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From shath...@e-z.net
Subject [Fwd: Time to propose a CS Capstone Project!]
Date Tue, 23 Aug 2016 03:35:24 GMT
I have participated in Oregon State University (Corvallis, Oregon USA)
undergraduate senior projects in the past. The Capstone program is an
opportunity for our open source software communities to propose a
three-term project for students and provide mentors to the projects.  The
mentors get to interact with students and their evaluation becomes a part
of their performance evaluation grade.

These Capstone university projects can readily support the Apache Software
Foundation health.

I live and work within commute distance of the university.  One of the
previous projects had a mentor in Denmark.  International cooperation can
be accommodated.

Sincerely,
Steven J. Hathaway
shathaway@a.o

---------------------------- Original Message ----------------------------
Subject: Time to propose a CS Capstone Project!
From:    "D. Kevin McGrath" <dmcgrath@eecs.oregonstate.edu>
Date:    Mon, August 22, 2016 12:30 pm
To:      shathawa@e-z.net
--------------------------------------------------------------------------


Colleagues --

Have you always wanted a particular software tool developed for your use, but
have never had the time to do it yourself? Well then, read on. Have I got
a deal
for you!

My name is Kevin McGrath. I am the instructor who runs the OSU Computer
Science
Senior Capstone class. The Capstone class is a 3-quarter (Fall, Winter,
Spring)
"career preparation" experience. The major piece of this is doing a
significant
3 member team project.

When the students come to the first class on September 24, I want to present
them with a list of exciting, creative, and real-experience software
engineering
project possibilities. This is where you come in. I am looking for you to use
your needs and experience to propose those project possibilities.

A web site has been setup to give you more information, and let you enter and
edit your project proposals:

		http://eecs.oregonstate.edu/capstone/submission/

You have until September 15 to get yours in. If any clarification would be
necessary, you'd have from the 15th to the first day of term to clarify.
That is
when the students will see them, and will start the selection process. In
that
process, I ask the students to "bid" on their top 5 choices. I ultimately
make
the final project assignments, but endeavour to take their preferences into
account. I find I get better results that way.

There will likely be more projects proposed than students teams to do
them. *So,
really sell your project.* Definitely don't understate its cool-ness
factor! The
more excited you sound in the description, the more excited they are
likely to
be when doing it. Excitement is contagious! If you'd be interested in
pitching
your project to the students in person, please let me know! Personally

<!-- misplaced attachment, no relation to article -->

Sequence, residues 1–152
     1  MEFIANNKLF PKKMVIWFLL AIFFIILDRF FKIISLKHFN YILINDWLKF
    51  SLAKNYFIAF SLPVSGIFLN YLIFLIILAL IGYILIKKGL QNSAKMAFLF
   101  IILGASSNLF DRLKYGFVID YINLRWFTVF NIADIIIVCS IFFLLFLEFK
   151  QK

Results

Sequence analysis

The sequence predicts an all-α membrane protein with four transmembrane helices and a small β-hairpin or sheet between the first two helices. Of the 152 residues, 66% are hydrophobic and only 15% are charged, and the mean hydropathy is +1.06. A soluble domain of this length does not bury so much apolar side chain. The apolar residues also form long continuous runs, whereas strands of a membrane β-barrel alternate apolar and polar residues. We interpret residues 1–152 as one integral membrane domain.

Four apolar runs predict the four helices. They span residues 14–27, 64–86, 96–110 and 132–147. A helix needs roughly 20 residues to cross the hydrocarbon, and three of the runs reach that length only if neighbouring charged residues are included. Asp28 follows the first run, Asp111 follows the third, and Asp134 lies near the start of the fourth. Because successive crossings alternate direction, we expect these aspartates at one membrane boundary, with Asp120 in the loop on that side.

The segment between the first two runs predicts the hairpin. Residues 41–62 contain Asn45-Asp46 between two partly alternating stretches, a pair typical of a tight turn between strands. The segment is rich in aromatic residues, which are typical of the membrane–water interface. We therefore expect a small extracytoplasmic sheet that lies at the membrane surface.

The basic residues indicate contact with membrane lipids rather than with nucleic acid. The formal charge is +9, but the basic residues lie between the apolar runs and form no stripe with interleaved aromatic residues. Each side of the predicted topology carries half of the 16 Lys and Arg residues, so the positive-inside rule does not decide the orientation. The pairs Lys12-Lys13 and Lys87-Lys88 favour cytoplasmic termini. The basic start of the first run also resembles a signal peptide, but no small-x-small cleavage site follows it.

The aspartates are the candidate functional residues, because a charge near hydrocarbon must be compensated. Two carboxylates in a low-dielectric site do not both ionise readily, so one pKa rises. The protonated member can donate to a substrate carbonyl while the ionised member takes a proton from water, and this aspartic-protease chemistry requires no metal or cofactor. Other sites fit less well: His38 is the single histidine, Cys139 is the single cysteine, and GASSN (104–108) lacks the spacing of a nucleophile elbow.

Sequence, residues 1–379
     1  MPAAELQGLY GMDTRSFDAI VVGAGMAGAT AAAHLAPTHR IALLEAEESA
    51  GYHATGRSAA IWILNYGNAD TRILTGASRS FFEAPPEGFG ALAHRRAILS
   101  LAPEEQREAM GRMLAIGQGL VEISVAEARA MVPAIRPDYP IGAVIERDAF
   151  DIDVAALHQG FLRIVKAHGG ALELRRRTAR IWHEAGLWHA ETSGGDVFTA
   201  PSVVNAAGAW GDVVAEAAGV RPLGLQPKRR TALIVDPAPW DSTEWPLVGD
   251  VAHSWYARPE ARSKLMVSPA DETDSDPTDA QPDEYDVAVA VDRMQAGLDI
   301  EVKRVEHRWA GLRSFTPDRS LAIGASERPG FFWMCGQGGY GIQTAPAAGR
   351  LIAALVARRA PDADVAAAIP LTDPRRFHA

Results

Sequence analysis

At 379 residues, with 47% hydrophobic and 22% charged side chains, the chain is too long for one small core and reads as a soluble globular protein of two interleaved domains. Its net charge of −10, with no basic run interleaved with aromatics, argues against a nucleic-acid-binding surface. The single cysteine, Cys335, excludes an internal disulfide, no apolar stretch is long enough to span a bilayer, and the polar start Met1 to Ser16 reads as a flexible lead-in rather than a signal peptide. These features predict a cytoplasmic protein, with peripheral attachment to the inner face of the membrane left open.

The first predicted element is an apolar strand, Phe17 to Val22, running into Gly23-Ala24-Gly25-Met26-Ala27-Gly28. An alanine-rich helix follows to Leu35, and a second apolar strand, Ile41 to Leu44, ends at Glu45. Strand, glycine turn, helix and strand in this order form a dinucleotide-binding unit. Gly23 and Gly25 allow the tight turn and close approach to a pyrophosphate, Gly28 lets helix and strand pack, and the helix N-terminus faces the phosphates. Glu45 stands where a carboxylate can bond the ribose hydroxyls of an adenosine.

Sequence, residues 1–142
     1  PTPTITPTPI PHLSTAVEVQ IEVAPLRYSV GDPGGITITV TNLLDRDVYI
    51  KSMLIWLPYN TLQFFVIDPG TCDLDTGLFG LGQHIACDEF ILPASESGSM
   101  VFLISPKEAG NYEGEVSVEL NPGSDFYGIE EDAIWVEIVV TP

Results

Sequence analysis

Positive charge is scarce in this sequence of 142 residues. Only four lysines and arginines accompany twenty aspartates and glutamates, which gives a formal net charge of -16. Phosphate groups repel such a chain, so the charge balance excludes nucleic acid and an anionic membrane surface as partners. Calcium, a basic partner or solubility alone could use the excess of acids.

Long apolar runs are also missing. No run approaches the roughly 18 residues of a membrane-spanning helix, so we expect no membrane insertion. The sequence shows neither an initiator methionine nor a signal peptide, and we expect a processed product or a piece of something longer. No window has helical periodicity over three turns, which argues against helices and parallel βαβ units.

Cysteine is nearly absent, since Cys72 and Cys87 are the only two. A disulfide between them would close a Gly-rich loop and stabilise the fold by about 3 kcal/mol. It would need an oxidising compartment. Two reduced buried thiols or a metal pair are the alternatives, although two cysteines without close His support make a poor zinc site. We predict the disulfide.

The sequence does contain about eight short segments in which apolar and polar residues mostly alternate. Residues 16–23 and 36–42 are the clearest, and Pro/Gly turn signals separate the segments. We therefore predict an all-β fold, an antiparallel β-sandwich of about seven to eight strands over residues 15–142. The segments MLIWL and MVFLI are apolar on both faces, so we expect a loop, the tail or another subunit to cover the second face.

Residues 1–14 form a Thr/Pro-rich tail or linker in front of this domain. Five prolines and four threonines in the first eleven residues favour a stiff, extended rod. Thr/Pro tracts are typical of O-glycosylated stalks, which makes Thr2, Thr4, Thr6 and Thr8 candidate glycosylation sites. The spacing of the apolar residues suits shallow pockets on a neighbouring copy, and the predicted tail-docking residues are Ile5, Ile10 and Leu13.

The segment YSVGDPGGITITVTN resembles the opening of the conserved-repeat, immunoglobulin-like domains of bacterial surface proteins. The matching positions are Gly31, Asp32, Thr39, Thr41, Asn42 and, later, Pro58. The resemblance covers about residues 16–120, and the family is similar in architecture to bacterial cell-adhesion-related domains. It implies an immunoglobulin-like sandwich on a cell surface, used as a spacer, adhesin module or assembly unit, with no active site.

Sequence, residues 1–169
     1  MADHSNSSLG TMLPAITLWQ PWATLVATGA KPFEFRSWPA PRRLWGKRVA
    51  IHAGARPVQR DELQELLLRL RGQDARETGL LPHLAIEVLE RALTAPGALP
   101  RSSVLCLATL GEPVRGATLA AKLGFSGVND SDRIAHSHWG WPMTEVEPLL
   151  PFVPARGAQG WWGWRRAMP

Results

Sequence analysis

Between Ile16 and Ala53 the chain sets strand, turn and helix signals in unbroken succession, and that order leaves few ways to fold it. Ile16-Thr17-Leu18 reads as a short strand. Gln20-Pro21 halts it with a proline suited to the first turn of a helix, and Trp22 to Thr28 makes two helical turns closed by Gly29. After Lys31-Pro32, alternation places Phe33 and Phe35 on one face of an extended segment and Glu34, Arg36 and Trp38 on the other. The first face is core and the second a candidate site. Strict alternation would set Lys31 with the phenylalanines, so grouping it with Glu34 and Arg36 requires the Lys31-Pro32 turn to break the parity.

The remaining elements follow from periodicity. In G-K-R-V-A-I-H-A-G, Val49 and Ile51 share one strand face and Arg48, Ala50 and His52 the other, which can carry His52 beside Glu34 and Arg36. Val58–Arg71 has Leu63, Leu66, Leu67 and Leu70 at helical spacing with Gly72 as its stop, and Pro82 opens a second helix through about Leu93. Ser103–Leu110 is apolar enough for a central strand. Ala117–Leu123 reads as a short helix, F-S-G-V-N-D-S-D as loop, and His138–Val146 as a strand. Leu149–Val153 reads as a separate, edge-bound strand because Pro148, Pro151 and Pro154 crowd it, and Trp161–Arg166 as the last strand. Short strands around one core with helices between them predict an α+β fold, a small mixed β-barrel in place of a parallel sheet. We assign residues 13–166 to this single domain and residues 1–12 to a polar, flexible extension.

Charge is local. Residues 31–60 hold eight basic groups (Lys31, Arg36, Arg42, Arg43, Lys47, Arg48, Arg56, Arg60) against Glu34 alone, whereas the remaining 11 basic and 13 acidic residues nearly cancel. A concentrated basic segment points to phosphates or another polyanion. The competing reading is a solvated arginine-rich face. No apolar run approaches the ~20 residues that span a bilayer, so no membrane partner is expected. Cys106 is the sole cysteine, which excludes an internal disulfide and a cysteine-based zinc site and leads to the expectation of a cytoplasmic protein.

pitched
projects tend to generate more excitement from the students.

After projects have been selected, we will follow a client-contractor
model in
which I "run" the software contract company and you are one of our valued
clients. The students "report" to me, but you, as client, work directly with
them to design the requirements, set the timeline, approve the progress. You
also get to help assign grades.

This year I'm asking you to explicitly distinguish the projects that are
research oriented vs. those that are more software engineering focused. If
you
would like to propose a research project for the students, please indicate
this
using the Additional Comments field.

Given the nature of a research oriented project, I find that better
results are
had if the students are initially aware of the type of project. If you are
unsure, that is not a problem. I'm happy to work with you on the details
of your
project -- just submit it, and then we can chat about any changes that
might be
necessary.

Any project can be proposed from anybody. I don't care where you are from,
just
that your project represents an excellent software engineering experience for
the students.

Do remember, however, that these are seniors. They have taken the core
classes
so far, but most have not taken some of the electives that would really
help in
some projects, such as graphics, AI, computer vision, etc. Keep that in mind
when proposing.

Several additional points to keep in mind:

         1) We ask for about 1 hour per week to interact with the students

         2) If you propose a project that will be handed off to another
             engineer/developer to mentor, please list their name as well
             as an additional contact.

         3) Any IP restrictions need to be listed. These can include NDAs,
             assignment of IP, etc. University policy is that students own
the IP
             of their projects, so if you have something else in mind, be
very
             clear from the proposal. Negotiations/agreements will be
between you
             and the students, rather than you and the university.

         4) The general scope of the project is what you would give one
6-month
             intern.

If you have questions or want to discuss project possibilities, feel free to
contact me at:

		 D. Kevin McGrath
		 Instructor, Computer Science
		 Oregon State University
		 2109 Kelley Engineering Center
		 541-737-1420
		 dmcgrath@eecs.oregonstate.edu

Thanks for your time -- I look forward to working with you!

						 -- Kevin McGrath



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